||If you can get past its extremely farfetched premise and rather homely execution, the Australian film "The Bank" emerges as an amusing economic potboiler about corporate chicanery and personal revenge. You might call it a much slimmed-down financial version of "The Firm," or-- given the plot's simultaneous dependence on the notion of mathematical genius and emphasis on fighting corruption from within--"A Beautiful Insider." It's hardly memorable, and on reflection the plot holes are likely to seem overwhelming, but while it's unspooling the picture has a modest charm.
Director Robert Connolly's script juxtaposes two complementary plots. The lesser of them has to do with Wayne and Diane Davis (Steve Rodgers and Mandy McElhinney), a lower-class couple whose angelic young son is accidentally killed while trying to evade a process server from Centabank, the impersonal conglomerate that's seizing the family business as a result of their default on a loan they were unscrupulously advised to take out; seeking damages, the grieving parents join with an activist lawyer (Mitchell Butel) to bring suit against the bank, though they're warned that the likelihood of success is slim. Meanwhile Simon O'Reily (Anthony LaPaglia), the arrogant CEO of Centabank who's anxious to increase revenue at the behest of an insistent Board of Directors, gives a spot on his staff to Jim Doyle (David Wenham), a computer specialist who claims to be on the verge of perfecting a software program that will precisely predict the movements of the world's financial markets; O'Reily supplies the apparently naive Doyle with the staff and resources needed to complete his work in hopes that the bank can profit handsomely by having foreknowledge of economic trends. Jim, meanwhile, becomes romantically involved with a bank employee (Sibylla Budd), though he's not entirely certain that she isn't O'Reily's mole. Ultimately the two strands of the narrative coalesce. To prove his loyalty, Doyle must give false testimony that undermines the Davises' case, leading Wayne to contemplate a more direct mode of revenge. Simultaneously, Jim completes his work and announces to O'Reily that a financial crash is imminent, which the firm can take enormous advantage of--provided that it's willing to violate all sorts of banking laws and put its very existence at stake. Unknown to O'Reily, however, there are certain aspects of Doyle's past which cast the young man's motives in doubt.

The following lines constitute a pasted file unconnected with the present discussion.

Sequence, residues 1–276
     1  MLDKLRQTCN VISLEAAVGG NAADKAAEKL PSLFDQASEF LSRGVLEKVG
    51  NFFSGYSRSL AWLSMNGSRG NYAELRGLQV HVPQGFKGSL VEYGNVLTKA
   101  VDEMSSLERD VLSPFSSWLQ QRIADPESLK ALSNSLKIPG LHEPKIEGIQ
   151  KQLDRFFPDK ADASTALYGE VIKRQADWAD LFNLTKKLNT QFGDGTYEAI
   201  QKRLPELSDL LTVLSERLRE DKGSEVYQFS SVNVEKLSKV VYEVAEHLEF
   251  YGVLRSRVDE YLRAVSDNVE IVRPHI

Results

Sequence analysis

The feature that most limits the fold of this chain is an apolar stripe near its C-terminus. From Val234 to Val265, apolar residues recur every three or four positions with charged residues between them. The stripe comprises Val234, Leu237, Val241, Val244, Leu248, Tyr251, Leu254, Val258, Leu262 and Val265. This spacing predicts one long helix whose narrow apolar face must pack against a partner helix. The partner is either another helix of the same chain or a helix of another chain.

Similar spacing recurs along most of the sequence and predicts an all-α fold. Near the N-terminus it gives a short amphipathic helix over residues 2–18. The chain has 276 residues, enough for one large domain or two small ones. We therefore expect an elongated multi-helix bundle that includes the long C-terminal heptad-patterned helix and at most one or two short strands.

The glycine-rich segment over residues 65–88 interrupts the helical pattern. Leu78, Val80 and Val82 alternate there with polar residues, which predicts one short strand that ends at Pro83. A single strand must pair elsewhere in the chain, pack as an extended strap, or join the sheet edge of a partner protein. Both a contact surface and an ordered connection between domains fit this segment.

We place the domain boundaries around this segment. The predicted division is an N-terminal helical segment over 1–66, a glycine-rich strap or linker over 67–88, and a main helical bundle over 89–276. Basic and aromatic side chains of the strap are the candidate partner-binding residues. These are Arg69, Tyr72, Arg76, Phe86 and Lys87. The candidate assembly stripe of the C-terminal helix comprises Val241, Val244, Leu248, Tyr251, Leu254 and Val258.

It's clear that Connolly is playing to viewers' suspicions of corporate malfeasance and their delight in seeing it unmasked and punished; and to leave no doubt as to where audience sympathies will lie, he fashions O'Reily into a supremely odious villain--sleek, shark-like and utterly amoral. LaPaglia has great fun playing the devilish fellow--what actor, after all, could resist a role that includes lines like "I'm like God, but with a better suit"? No one else really matches him. Wenham, who appears as Faramir in "The Lord of the Rings: The Two Towers," puts his blandly boyish good looks to decent use as Doyle, but he's utterly outclassed, and as the little man on a mission Rodgers is only adequate. Nor is the picture technically much more than competent; Tristan Milani's cinematography has a grainy, washed-out look, and the production design leaves something to be desired--the piles of computer equipment that are supposed to look so impressive, for instance, actually come across as amusingly chintzy.
But though "The Bank" is never remotely convincing and seems almost ridiculously small-scaled and visually constricted for its supposedly world-shaking plot, it succeeds as an implausible, manipulative but moderately enjoyable crowd-pleaser.